You guys! I signed up for the half-cannonball, 26 books, and here it is, my 26th review! I’m going to continue to try and reach the regular amount of 52 books but if I don’t make it, I feel pretty satisfied at having made this goal. Now for the book, which was a pretty great book to cross the finish line with.
Divergent is the story of Beatrice Prior (whose name, by the way, makes me want to call her Beatrix Potter), who lives with her family in what used to be Chicago. Now the city is divided up into five factions, each one valuing a certain quality above all others – there are Abnegation (selflessness), Candor (honesty), Amity (kindness), Erudite (intelligence), and Dauntless (bravery). When members of these factions turn 16 they are given the option to choose the faction they’d like to belong to. Most stay in their factions, but some, like Beatrice, switch factions, which is a decision that is just short of taboo. Beatrice leaves the world she knew in Abnegation and is swept into a fiercely competitive climate where often decision making is literally life or death. Once she experiences life outside her factor, she begins to realize that although the factions were created to maintain balance and peace, there is unrest among many citizens. On top of all this, Beatrice is hiding her own secret that may not only compromise her position with her new faction, but could gain her a lot of enemies from other factions as well.
This, quite simply, was a great book. I hesitate to call it dystopian, but it certainly has elements of it. I’m sure that this will garner comparisons to The Hunger Games, as it involves a tough as nails 16-year-old female protagonist fighting to survive. However, that’s pretty much where the similarities between the two end. Beatrice (who takes the name Tris when she transfers factions) is strong and smart, with a little stubbornness and bullheadedness thrown in for good measure. She’s tough a lot of the time, but still shows vulnerability and cares a lot about her family and new friends. She is a very dynamic, enjoyable narrator and protagonist, and a pleasure to read about. The Dauntless world and initiation processes are equally fascinating and left me on the edge of my seat several times. What I like about this book is that, while technically YA fiction, it definitely speaks to an older crowd and Roth doesn’t pull any punches. She has created a pretty brutal setting and sometimes, brutal things happen. People get hurt, people die. I think this will appeal to teenagers and adults alike.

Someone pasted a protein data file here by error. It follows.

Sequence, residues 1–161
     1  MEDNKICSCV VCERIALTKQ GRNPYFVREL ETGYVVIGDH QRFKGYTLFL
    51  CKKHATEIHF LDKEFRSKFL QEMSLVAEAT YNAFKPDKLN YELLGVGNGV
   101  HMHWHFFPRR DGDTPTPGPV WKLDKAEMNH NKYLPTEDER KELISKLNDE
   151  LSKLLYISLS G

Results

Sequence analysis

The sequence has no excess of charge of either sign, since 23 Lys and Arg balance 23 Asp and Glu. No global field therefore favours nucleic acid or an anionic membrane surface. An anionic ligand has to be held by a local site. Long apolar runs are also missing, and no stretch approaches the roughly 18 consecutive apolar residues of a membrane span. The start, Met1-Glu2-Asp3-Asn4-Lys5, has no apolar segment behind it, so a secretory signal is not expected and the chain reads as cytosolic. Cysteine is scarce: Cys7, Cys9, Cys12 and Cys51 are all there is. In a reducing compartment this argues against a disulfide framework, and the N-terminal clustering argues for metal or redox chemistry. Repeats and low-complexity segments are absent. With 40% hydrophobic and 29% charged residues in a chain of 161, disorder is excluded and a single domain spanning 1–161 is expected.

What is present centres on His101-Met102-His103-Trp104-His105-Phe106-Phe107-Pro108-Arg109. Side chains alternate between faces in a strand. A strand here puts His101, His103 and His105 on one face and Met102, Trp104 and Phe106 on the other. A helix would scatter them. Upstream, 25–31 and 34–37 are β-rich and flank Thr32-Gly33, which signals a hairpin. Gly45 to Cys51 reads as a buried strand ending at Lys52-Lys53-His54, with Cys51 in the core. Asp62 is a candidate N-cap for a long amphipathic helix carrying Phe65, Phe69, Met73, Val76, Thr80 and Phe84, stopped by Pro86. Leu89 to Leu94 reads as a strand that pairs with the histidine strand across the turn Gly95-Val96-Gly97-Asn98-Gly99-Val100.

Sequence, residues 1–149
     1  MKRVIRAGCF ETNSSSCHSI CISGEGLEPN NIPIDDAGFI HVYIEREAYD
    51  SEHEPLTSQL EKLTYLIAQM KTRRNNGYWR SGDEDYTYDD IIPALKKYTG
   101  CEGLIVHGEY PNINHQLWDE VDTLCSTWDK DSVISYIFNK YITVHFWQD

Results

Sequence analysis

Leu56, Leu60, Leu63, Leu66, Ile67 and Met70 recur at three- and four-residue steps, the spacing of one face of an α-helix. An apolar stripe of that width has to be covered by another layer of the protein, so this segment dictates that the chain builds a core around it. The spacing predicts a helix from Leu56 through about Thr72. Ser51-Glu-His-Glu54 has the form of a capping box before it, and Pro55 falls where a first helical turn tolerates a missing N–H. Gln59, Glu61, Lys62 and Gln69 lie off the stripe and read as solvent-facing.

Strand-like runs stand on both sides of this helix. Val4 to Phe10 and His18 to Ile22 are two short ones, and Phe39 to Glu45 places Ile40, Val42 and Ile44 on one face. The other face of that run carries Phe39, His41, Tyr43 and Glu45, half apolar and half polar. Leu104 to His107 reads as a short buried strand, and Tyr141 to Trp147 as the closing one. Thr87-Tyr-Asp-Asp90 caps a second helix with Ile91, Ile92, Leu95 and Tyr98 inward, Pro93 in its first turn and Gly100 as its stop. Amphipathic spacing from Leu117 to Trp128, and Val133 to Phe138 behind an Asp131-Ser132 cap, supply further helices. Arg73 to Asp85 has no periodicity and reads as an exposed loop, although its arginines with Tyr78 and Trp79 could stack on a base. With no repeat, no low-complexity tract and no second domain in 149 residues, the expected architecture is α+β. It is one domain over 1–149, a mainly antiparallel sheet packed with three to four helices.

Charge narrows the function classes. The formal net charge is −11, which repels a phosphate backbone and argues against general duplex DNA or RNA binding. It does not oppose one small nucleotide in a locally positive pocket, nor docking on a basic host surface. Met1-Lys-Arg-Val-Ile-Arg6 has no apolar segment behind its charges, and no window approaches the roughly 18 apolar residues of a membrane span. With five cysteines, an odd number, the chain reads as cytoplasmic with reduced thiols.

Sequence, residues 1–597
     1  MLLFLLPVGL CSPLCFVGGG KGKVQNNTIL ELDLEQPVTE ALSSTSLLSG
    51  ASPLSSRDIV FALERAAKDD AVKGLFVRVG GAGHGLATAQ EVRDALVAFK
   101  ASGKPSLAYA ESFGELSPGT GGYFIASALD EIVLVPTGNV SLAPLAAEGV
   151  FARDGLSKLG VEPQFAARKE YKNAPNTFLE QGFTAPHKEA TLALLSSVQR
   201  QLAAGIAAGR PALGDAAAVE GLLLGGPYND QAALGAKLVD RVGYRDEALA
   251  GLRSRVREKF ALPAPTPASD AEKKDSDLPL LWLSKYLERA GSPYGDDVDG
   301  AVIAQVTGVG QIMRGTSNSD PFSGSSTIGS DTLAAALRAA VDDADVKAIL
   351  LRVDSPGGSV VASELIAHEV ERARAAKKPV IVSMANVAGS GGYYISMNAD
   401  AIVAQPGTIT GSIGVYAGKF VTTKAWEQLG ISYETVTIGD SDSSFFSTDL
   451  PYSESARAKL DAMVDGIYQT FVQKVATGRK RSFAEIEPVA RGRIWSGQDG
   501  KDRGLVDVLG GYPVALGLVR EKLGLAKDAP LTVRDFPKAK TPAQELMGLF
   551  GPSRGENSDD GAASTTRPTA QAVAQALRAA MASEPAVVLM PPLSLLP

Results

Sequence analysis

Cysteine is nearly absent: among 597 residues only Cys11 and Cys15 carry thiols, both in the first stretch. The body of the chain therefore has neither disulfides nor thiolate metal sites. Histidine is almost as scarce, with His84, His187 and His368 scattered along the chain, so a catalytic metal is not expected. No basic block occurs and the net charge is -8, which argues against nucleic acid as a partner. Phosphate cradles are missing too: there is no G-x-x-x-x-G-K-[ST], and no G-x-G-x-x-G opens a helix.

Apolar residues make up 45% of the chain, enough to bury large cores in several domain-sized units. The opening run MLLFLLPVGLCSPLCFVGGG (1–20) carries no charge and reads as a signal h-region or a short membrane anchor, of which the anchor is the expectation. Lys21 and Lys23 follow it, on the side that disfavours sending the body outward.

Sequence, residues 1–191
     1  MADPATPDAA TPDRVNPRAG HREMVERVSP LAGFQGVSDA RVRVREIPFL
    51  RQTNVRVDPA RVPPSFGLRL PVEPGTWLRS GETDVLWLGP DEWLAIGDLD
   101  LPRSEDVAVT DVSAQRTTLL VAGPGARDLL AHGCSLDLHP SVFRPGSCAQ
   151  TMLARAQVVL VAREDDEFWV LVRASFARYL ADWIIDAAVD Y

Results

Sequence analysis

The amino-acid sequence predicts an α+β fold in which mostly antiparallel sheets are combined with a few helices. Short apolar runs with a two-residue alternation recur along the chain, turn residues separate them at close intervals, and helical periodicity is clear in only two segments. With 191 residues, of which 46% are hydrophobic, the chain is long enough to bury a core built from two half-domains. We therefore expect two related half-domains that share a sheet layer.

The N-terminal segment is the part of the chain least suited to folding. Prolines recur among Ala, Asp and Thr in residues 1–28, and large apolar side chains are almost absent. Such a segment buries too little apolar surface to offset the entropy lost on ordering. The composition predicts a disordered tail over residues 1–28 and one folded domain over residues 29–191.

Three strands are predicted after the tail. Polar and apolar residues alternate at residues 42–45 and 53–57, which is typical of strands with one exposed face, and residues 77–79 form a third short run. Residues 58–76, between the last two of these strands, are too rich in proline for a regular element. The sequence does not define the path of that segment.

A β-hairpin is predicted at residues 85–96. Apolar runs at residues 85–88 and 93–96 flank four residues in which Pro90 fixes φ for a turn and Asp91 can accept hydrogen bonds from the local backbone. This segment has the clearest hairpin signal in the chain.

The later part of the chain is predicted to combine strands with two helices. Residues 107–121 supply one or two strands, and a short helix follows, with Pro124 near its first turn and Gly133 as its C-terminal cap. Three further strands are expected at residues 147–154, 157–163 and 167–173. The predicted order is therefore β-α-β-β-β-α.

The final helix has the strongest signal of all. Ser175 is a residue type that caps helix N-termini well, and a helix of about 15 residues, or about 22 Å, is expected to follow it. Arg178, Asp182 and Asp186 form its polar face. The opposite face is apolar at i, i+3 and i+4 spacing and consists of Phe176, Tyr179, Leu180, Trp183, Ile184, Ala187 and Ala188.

This is the first in a trilogy (I know, I know) and I haven’t been this excited to read a sequel in a long time. Roth has a way with words and does really well creating both strong, multi-faceted characters and very vivid images of what Tris’s world is like. I do hope that as the books progress, Roth explains a little more about the hows and whys of her world. This book focuses mostly on Tris and the factions, but we get next to no explanations about how society came to this point. Tris questions this a few times throughout the book, so I have to assume Roth tackles the subject eventually. I highly recommend this book. It’s fast-paced, captivating and interesting, and I cannot wait for the next installment.